"To my mind it is wholly irresponsible to go into the world incapable of preventing violence, injury, crime, and death. How feeble is the mindset to accept defenselessness. How unnatural. How cheap. How cowardly. How pathetic." ~ Ted Nugent
I was young, and impressionable. Raised by those of a generation whose patriotism and self-identity as Americans was unquestioned, honed to a fine point by those family members who fought in WWI, WWII, Korea and Vietnam, there was no question in my mind. The fact that my draft lottery number was so high that I would never be drafted mattered little. I enlisted.
It could have been Vietnam. I got orders to Turkey instead. Air-evac--shuffling the sick and wounded from unknown conflicts and wars to safe haven in hospitals in Germany. It didn't matter how or why--I was a faithful airman, doing my duty. An American, doing what Americans have seemingly done forever. The best of civilization was our country--we had to be right in whatever we did. It never occurred to me that there was any hypocrisy in my thinking. The concept of "American exceptionalism" was not a concern; it was my right.
After my tours of duty overseas and at the premier B-52 base stateside, I took off on the educational front--degrees in history, political science, and then, theology and all that entailed. Two decades before Fox News Network premiered, I was already a fan. I was was wedded to the conservative/neo-con group without apology.
I fell in love with Ronald Reagan. Somehow, he managed to incite the rebel in me, while maintaining traditional American values (as I thought they existed at the time). Perhaps--it was really a secret desire for Peggy Noonan, who was beautiful and wrote magnificently for RR. Then, Pat Buchanan and Joe Sobran got into my reading list. Odd thoughts to the contrary of my conservative American exceptionalism began surfacing. Malachi Martin's tome, The Keys of this Blood, threw my thinking overboard. Something happened--not monumental in any newsworthy way, but certainly to me. At about the same time I was listening to Rush Limbaugh. In my 30's I found myself twisted and turned philosophically, in a way I had missed in my late teens and early twenties.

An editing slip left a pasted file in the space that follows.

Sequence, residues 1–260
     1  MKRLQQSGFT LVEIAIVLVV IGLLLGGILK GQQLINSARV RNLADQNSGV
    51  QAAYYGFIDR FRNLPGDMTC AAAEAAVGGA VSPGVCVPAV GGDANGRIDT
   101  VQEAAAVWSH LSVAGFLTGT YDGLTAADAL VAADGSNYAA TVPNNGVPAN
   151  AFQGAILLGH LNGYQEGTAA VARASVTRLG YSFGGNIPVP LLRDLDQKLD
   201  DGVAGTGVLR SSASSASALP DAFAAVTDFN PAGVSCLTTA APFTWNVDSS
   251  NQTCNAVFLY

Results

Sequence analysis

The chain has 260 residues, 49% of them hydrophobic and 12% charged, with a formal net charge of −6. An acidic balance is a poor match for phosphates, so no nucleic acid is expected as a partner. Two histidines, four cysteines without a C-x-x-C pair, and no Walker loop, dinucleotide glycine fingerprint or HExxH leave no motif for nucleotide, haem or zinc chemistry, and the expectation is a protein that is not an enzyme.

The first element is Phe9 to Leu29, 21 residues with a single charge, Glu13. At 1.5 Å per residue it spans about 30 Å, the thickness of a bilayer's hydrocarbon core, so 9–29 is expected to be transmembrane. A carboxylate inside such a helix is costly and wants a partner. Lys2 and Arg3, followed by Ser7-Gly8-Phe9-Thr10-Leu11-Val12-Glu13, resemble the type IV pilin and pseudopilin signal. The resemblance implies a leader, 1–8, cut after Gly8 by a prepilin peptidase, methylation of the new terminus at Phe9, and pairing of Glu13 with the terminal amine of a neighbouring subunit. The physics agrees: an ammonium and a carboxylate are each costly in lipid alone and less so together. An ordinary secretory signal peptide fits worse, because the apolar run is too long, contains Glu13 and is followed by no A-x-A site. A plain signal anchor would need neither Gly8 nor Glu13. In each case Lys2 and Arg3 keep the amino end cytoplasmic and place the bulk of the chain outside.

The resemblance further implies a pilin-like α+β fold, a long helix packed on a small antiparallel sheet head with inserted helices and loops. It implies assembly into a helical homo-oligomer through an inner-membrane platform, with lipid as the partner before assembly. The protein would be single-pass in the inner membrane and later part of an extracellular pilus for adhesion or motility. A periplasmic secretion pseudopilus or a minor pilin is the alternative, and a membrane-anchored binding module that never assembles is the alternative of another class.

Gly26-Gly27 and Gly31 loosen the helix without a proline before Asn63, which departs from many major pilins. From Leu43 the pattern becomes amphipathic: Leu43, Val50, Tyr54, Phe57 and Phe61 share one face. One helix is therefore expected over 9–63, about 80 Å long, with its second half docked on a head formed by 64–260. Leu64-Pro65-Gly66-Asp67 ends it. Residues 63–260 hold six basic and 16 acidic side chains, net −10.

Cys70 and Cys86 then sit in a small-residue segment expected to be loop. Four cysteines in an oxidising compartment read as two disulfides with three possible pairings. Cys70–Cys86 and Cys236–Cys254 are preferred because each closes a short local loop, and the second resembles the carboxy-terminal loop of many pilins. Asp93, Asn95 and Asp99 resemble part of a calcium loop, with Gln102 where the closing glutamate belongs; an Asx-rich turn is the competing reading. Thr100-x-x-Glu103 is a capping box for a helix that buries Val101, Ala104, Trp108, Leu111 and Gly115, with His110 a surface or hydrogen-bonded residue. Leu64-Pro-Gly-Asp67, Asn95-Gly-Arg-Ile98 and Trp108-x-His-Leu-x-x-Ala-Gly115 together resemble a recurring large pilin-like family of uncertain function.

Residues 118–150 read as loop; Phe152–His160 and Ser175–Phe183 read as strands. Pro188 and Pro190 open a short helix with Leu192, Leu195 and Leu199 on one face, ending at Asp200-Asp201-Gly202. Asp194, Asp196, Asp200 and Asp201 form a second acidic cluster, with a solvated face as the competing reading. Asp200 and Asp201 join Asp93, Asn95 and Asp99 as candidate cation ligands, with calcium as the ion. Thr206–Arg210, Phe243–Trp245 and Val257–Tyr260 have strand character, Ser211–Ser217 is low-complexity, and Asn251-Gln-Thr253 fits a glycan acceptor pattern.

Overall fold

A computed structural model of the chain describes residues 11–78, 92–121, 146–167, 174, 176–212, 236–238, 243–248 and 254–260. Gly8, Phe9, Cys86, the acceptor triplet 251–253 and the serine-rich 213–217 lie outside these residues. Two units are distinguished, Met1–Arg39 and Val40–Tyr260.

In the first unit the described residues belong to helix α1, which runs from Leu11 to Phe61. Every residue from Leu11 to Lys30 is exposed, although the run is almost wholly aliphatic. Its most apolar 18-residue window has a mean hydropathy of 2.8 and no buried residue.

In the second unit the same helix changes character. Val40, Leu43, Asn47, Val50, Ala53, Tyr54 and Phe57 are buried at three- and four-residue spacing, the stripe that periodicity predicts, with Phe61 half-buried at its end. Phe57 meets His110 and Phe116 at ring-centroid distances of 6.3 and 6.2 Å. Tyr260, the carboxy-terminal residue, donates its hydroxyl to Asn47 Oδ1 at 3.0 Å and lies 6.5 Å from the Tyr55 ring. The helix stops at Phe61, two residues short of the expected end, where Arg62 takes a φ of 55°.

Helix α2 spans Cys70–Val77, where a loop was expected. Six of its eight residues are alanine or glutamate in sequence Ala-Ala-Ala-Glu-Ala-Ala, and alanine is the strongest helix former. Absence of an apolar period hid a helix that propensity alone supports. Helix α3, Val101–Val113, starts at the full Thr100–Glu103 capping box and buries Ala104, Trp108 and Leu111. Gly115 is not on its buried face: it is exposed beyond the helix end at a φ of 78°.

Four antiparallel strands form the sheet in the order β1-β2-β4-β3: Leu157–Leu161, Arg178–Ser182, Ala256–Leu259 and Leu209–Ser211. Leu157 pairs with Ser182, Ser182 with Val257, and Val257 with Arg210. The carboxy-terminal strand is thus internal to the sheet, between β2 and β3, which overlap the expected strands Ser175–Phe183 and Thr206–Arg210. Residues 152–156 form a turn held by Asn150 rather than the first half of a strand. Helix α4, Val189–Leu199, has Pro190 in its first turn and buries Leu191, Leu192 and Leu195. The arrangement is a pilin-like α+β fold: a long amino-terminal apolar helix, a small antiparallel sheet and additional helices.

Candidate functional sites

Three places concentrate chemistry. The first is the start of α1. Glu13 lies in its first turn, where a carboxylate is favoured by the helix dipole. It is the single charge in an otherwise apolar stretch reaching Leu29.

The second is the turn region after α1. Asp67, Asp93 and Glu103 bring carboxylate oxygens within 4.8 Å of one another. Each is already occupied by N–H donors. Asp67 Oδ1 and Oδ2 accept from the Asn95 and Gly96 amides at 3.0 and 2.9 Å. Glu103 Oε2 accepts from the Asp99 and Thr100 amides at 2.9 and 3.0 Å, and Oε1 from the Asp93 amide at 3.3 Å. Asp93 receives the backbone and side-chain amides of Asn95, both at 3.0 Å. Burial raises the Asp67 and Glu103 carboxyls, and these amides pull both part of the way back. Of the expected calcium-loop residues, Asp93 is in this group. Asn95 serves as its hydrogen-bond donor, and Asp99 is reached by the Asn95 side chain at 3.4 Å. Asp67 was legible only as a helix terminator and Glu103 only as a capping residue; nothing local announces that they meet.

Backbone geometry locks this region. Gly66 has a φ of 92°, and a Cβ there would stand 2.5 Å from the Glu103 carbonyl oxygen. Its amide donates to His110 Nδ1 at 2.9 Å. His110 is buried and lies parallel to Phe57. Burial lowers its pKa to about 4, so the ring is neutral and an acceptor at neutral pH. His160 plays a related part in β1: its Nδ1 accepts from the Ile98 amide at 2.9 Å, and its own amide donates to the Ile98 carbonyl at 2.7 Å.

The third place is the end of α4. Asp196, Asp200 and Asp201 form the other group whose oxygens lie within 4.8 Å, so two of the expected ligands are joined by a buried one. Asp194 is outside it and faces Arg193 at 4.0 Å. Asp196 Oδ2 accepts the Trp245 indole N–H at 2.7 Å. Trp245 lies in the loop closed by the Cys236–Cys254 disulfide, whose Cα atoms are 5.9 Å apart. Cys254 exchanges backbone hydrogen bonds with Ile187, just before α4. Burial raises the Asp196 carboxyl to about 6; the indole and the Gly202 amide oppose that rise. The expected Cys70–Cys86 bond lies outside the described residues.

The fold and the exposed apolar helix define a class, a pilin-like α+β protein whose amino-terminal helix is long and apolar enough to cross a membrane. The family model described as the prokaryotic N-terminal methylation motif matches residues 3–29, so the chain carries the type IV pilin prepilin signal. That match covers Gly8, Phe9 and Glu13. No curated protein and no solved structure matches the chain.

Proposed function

Fear of caving in to liberal policies kept me safely on the conservative bench.
George the 1st caused my first real awakening. Panama, the Gulf War--both seemed so much like the United Fruit business from years ago. I asked friends some questions that brought a lot of "but, buts"--but never any real answers. After Geo I blew his re-election, I endured the Clinton regime until Newt and his gang pulled off their coup. Those first 100 days were heady times, but it disintegrated into politics as usual. It was not what was advertised--a renewal of America--but merely, the same old political BS which the Democrats had long since perfected. Clinton was re-elected, and I finally despaired of any hope of a political solution. The rock group Police nailed it--there is no political solution.
Drifting politically, stung by divorce after a long marriage and raising two sons, 2002 found me cruising the internet. The conspiracy freaks were everywhere. A shred of truth was combined with a deluge of conjecture, and insanity usually followed. Conservative news sites became transparent as they merely defended their guys over against the liberal guys. I bumped into Instapundit, but he wants to be a liberal/republican/whig/slash whatever war-hawk, and gaining fame as he did, only reinforced his equivocation.
I discovered Lew Rockwell along the way last year. I hadn't really thought of my politics as being anarchist, but that was the real jump start. I zipped around the Net in some far different circles after that. I started my own blog, and began pontificating on my own. Heady stuff, but mostly self-serving for the ego.
Then I stumbled upon Strike The Root. Dang it--some kid half my age had more than a clue, and he was making things happen online. He was even courteous enough to put a few of my mental wild hairs on his site. I read everything he put up online. Questions flowed like water over a dam in my mind. Finally, the realization hit. I was neither liberal nor conservative. I am free by nature. Hence--I cannot be anything but an anarchist--a man without a ruler.
Saying so will be lost in the gazillions of commentaries online and in print. But I have said so, and if for no one but myself . . .
That is sufficient.